Not many bands use the word "didactic" in their lyrics. The Monochrome Set did, which is probably why I like them so much.
The Monochrome Set emerged out of Britain's post-punk era (some of their members had been in the embryonic Adam and the Ants), but they sounded nothing like their peers. Their music drew as much from the cabaret tradition as from Cabaret Voltaire. They wrote catchy but wordy songs.
Perhaps their uniqueness worked against them. They were singing about juntas and upper-class twits when the rest of the nation's post-punk bands were getting their groove on. They never really had any hits and not many people remember them these days. There are only a handful of Monochrome Set Web sites.
I listened to them throughout the day today, as I drove to various assignments. I might make Monochrome Set listening a Monday tradition.
We hosted the annual Telegraph Herald Chili Cookoff tonight and our entry finished a credible second (out of five). Hats off to Jim Swenson. His winning entry included some type of sliced sausage.
I tried my hand at authentic Texas chili. It featured chunks of steak, beef broth, diced green chiles, chili powder, garlic, cumin... and that was it. Simplistic. Powerful.
I listened to some vintage rockabilly as I made the chili this morning.
I absolutely adore the song "Sunglasses After Dark" by Dwight Pullen. Simplistic. Powerful.
Like all classic early rock-n-roll tunes, "Sunglasses After Dark" exudes the thrill of musical discovery. You listen to this infectious tune, and you can feel the excitement of the musicians, as they blazed a trail. This aspect of the music makes it positively exhilarating to me!
Pullen originally came from Alabama, but moved with his family to Pittsburg, Calif. That's not far from where I grew up in Concord, Calif. Contra Costa County rarely registers when people talk about rockabilly bastions. Pullen formed his first band in California, but then the family moved back to Alabama but Pullen ended up in military service in Anchorage, Alaska. He also lived in Nashville and various other locales, including Medford, Ore. -- my late father's hometown.
Pullen died of cancer age 31 in 1961. He never realized his "Sunglasses After Dark" would become a revered example of rockabilly... or the inspiration behind my second-place chili. Thanks Dwight.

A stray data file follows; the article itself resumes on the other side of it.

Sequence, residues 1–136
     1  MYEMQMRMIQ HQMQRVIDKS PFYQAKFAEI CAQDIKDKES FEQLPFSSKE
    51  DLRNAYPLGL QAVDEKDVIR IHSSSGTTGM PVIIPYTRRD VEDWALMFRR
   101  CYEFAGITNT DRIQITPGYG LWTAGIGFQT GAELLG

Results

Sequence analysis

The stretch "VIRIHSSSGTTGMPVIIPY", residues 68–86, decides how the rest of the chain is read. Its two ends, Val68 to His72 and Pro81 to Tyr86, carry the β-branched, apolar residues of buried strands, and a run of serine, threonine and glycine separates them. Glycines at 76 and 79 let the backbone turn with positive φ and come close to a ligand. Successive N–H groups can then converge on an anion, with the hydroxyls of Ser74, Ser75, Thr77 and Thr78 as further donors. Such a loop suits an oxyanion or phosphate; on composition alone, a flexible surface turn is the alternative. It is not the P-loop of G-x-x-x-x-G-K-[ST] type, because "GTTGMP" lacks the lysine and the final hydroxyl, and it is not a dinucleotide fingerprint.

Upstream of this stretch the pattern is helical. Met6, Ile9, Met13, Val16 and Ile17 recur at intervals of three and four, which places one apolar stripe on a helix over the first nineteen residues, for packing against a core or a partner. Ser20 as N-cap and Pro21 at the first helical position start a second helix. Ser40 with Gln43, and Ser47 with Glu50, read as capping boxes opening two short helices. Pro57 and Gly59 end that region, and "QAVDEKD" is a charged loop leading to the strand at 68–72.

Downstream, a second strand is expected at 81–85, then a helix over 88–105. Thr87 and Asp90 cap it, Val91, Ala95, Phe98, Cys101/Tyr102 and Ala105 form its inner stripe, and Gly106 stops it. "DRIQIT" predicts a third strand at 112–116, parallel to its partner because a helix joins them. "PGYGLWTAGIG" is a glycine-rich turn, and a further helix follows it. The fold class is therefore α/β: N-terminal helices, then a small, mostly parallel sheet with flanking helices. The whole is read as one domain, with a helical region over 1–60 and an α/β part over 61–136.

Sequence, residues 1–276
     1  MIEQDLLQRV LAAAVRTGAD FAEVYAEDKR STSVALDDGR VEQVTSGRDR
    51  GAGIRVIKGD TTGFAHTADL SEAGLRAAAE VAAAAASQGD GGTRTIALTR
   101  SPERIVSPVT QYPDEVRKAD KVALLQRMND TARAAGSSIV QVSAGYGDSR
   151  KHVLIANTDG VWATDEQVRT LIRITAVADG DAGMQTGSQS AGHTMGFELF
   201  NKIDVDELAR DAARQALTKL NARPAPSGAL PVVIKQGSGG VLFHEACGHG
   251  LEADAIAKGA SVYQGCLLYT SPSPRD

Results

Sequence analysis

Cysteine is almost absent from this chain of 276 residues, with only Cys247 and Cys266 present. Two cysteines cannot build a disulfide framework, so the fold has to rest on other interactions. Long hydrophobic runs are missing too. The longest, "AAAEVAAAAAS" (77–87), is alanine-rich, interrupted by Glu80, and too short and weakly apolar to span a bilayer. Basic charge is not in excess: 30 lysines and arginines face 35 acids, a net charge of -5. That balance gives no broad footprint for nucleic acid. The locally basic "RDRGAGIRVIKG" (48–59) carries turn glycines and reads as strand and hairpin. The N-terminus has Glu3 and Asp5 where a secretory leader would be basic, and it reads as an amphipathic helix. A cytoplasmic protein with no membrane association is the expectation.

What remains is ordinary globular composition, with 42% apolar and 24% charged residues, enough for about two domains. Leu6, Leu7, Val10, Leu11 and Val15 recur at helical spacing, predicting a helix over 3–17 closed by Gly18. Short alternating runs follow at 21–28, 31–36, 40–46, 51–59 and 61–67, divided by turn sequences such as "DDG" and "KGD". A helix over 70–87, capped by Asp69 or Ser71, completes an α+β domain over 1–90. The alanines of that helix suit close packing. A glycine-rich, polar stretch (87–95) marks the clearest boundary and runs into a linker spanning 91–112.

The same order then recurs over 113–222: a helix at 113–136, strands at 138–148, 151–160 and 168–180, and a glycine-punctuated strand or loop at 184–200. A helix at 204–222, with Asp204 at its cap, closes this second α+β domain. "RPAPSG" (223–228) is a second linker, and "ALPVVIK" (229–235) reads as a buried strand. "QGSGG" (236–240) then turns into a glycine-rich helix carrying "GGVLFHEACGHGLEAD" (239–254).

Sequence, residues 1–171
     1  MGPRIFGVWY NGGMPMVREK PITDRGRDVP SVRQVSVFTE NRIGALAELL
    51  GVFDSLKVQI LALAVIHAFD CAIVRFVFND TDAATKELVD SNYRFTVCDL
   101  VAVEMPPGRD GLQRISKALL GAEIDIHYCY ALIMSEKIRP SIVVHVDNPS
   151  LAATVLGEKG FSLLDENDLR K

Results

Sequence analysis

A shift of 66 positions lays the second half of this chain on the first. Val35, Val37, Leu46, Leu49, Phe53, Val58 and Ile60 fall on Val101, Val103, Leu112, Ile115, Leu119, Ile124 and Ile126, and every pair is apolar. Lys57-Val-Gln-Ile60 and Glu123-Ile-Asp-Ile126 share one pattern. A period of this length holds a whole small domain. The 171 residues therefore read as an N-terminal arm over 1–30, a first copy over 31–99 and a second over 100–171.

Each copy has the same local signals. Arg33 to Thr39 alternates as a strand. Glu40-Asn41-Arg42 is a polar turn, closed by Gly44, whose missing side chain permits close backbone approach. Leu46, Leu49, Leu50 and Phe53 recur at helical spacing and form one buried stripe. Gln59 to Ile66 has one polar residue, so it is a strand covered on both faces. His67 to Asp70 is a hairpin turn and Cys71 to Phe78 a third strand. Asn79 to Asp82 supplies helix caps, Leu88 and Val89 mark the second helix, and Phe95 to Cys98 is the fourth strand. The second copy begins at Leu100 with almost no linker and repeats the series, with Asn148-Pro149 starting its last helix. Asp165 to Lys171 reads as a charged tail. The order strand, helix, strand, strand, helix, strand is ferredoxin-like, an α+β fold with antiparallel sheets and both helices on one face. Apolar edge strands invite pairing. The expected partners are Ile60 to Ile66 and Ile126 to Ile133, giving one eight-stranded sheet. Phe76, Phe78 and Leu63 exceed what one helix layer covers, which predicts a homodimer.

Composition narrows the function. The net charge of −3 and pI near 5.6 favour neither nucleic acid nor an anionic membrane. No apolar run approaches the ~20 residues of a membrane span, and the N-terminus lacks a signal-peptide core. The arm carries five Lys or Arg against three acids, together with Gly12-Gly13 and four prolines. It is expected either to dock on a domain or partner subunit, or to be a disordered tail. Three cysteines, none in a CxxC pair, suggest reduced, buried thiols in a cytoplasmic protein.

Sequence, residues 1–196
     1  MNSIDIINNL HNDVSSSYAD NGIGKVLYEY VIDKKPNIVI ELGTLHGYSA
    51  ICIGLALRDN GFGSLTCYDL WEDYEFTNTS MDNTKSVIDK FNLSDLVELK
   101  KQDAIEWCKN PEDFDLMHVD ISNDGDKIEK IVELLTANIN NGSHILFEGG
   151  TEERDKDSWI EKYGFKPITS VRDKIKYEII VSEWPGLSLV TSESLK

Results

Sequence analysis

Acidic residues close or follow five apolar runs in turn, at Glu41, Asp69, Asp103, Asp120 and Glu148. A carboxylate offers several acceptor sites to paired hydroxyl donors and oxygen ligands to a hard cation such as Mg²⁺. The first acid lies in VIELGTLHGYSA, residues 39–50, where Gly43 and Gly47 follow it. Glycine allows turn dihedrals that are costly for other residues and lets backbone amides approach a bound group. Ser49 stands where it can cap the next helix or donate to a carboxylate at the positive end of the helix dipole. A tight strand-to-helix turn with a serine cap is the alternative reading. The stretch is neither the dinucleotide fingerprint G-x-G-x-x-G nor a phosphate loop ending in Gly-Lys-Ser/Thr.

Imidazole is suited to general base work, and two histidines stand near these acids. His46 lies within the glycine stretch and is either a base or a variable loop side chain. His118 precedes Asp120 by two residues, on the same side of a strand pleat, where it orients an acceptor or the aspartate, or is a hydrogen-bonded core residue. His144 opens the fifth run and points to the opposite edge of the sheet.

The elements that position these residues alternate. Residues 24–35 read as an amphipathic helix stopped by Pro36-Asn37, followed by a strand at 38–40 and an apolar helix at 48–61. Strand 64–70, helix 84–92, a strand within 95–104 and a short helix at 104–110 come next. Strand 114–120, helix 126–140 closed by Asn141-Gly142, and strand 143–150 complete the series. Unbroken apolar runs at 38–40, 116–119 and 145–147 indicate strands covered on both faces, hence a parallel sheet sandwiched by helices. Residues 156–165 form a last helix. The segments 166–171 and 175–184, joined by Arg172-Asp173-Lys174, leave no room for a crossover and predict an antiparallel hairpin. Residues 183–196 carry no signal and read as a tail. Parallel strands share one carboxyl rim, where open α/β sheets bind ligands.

Listening to a Notts band, welcoming felines
The girls became first-time pet owners this morning, after a trip to the Dubuque Regional Humane Society resulted in the acquisition of black cuddly kitten Lorelei for Kerstin and white crazed-playing kitten Arabella (Mika) for Annika.
Mika spent her first morning with us trying to figure out how high up the steps she could climb while still surviving a reckless leap onto the floor below. Lorelei spent her first morning seemingly rooted to Kerstin's side, kneeding and purring and probably "cherishing the moment," as Kerstin would say.
While wondering how my two totally different kids could select such totally different kittens, I also listened to the two big hits by Paper Lace and tried to figure out why Nottingham has produced so few bands.
There's Tindersticks, KWS (of "Please Don't Go" dance music fame) and... and... well, and Paper Lace.
Their original of "Billy, Don't be a Hero" roared up the UK charts to No. 1 in early 1974. However, Bo Donaldson's cover version swiped the similar chart placing in America. Paper Lace did secure the top spot in the US with follow-up single "The Night Chicago Died," but were prevented from touring America to support it.
They faded back into obscurity, and Notts has yet to produce a band to match the success of Paper Lace. I wonder why?
No Lions, tigers or bears?
Kerstin (shown here with friend Tucker) asks this week's FRIDAY QUESTION: What is your favorite song about an animal?
Gary D. -- "Stray Cat Blues" by the Rolling Stones
Mike D. -- I like the lazy, '70s feel of "Me and You and a Dog Named Boo" by Lobo.